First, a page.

6. Heel Slides: Lie on your back with your injured leg extended. Gently slide your heel towards your buttocks, bending your knee. Slide your heel back out and repeat for 10-15 reps.
  7. Balancing Exercises: Stand on your uninjured leg, lifting your injured leg slightly off the ground. Hold the position for 20-30 seconds, then switch legs. Now, as you progress, try closing your eyes or performing the exercise.

Perform these exercises within your comfort range. If you experience pain or discomfort while doing any of these exercises, stop immediately and consult a healthcare professional.

Long-Term Strategies And MaintenanceLong-Term Strategies and Maintenance

Recovering from an ankle injury is an important accomplishment, but ensuring long-term ankle health is equally essential. After undergoing physical therapy for a sprained ankle or other injury, you can take proactive steps to prevent future injuries and maintain the strength and stability of your ankles. Here are some valuable strategies and maintenance tips to keep your ankles strong and resilient:

  1. Maintain a Consistent Exercise Routine: Incorporate regular exercises that focus on ankle strength, flexibility, and balance. Perform exercises like calf raises, ankle circles, and single-leg stands to improve stability and prevent muscle imbalances.
  2. Wear Appropriate Footwear: Choose footwear that provides adequate support and cushioning for your activities. Properly fitted shoes with good arch support can significantly reduce the risk of ankle injuries.
  3. Warm-Up and Stretch: Prior to engaging in physical activities or sports, perform a thorough warm-up followed by dynamic stretches to prepare your muscles and joints for movement.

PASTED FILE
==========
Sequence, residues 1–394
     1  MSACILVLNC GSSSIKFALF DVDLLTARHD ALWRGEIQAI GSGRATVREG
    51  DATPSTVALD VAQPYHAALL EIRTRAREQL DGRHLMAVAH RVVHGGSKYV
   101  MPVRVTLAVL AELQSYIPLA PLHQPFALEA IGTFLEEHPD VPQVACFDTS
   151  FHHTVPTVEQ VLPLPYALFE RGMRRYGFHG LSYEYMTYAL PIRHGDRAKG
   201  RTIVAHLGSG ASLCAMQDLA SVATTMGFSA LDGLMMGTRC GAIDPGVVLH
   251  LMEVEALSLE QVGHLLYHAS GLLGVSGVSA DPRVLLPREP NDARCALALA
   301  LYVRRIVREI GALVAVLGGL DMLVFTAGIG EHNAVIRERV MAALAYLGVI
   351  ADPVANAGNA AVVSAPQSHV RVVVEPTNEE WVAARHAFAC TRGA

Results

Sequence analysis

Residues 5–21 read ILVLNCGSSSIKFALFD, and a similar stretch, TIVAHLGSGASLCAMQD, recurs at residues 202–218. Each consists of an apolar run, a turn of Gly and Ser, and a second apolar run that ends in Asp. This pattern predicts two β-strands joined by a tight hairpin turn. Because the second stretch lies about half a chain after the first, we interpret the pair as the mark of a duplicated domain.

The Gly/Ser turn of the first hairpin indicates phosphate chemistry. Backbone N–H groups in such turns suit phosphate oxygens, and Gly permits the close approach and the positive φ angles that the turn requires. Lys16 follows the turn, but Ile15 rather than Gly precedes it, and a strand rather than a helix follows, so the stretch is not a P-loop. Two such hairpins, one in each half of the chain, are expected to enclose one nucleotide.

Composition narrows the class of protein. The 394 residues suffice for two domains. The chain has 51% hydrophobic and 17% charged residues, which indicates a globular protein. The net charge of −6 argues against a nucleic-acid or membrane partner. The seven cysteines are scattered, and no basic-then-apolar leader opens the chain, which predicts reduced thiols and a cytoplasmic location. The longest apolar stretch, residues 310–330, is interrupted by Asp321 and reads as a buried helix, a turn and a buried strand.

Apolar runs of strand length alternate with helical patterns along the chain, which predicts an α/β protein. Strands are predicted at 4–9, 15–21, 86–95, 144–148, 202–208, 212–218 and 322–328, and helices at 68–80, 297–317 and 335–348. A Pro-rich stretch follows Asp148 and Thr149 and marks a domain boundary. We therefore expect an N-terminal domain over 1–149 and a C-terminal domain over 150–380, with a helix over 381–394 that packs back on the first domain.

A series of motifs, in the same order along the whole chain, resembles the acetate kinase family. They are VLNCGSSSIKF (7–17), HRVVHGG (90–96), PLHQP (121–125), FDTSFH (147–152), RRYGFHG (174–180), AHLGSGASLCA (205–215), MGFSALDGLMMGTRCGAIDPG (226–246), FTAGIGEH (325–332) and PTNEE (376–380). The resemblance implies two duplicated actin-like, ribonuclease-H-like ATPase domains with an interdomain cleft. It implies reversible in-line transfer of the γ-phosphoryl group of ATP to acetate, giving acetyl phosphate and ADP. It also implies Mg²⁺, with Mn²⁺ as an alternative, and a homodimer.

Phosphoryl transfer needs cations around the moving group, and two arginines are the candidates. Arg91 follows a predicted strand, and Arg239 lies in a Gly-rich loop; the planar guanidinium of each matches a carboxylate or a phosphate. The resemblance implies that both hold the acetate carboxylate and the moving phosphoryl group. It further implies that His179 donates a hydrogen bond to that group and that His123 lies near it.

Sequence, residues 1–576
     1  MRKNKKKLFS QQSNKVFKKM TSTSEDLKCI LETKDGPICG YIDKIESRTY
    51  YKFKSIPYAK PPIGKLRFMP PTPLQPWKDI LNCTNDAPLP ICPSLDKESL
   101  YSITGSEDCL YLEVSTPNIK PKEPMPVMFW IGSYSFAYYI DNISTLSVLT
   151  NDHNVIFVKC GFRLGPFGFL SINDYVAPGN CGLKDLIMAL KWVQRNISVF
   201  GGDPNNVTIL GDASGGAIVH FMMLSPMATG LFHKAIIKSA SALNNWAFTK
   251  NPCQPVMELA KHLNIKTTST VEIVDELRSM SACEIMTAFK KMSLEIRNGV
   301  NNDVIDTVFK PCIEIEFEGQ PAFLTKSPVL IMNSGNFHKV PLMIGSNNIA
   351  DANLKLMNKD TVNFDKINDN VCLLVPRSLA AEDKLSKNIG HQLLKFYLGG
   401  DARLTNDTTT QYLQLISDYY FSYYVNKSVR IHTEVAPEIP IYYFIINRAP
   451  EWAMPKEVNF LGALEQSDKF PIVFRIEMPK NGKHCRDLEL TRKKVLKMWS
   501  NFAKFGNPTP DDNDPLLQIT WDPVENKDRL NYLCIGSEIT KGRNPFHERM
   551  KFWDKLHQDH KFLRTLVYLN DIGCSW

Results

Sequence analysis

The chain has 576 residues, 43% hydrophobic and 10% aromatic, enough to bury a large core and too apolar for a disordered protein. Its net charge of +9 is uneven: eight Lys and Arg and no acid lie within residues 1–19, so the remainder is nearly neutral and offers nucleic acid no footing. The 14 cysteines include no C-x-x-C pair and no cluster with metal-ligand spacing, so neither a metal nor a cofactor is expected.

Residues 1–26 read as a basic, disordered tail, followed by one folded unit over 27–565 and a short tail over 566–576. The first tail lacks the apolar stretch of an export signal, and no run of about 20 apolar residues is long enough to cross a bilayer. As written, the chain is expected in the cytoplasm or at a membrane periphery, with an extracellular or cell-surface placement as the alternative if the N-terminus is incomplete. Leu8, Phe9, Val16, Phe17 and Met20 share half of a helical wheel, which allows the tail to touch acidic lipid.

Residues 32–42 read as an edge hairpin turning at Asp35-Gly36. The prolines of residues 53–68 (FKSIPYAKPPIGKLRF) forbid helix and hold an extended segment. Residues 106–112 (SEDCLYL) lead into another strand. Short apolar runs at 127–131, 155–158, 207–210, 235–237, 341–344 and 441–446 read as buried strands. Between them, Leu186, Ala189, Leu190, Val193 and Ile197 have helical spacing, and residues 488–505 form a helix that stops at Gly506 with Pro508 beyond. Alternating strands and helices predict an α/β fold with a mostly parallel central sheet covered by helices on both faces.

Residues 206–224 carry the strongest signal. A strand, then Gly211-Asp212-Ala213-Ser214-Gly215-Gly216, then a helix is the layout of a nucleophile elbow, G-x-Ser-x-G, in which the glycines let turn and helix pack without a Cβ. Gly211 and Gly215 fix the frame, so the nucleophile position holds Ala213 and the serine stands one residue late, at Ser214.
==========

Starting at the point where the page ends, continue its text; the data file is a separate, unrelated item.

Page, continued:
4. Gradual Progression: If you’re returning to sports or vigorous activities, gradually increase the intensity and duration to give your ankles time to adjust. Avoid overexertion which can lead to strain or re-injury.
  5. Supportive Bracing or Taping: In high-risk situations or during activities that involve sudden movements, consider using ankle braces or taping for added support. Consult a physical therapist for guidance on proper application.
  6. Proper Technique: Whether you’re walking, running, or participating in sports, focus on maintaining proper technique and form to reduce strain on your ankles.
  7. Stay Hydrated and Nourished: Adequate hydration and a balanced diet contribute to overall joint health. Proper nutrition supports tissue repair and growth, aiding in the prevention of injuries.
  8. Regular Check-ins: Schedule periodic appointments with a physical therapist or healthcare professional to assess your ankle health, receive guidance, and make necessary adjustments to your maintenance routine.


Physical therapy not only facilitates recovery but also empowers you to take charge of your ankle health. Through targeted exercises, personalized guidance, and expert care, physical therapists can help you regain strength, flexibility, and stability. Whether you’re an athlete striving to return to peak performance or an individual seeking to prevent future injuries, the principles of physical therapy provide a solid foundation.

Physical Therapy helps patients recover from pain. If you’re experiencing Back, Shoulder, Knee, Neck, Elbow, Hip, or Arthritis pain, a physical therapist at PhysioMantra can help: Book an online physical therapy session.